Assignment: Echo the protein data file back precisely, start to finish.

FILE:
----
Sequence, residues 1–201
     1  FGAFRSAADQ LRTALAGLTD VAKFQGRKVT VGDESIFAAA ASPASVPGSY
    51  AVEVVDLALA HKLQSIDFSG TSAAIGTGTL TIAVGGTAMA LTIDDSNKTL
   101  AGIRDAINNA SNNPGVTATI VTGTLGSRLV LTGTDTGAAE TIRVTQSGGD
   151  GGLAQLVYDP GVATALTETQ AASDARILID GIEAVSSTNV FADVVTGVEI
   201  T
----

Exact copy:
Sequence, residues 1–201
     1  FGAFRSAADQ LRTALAGLTD VAKFQGRKVT VGDESIFAAA ASPASVPGSY
    51  AVEVVDLALA HKLQSIDFSG TSAAIGTGTL TIAVGGTAMA LTIDDSNKTL
   101  AGIRDAINNA SNNPGVTATI VTGTLGSRLV LTGTDTGAAE TIRVTQSGGD
   151  GGLAQLVYDP GVATALTETQ AASDARILID GIEAVSSTNV FADVVTGVEI
   201  T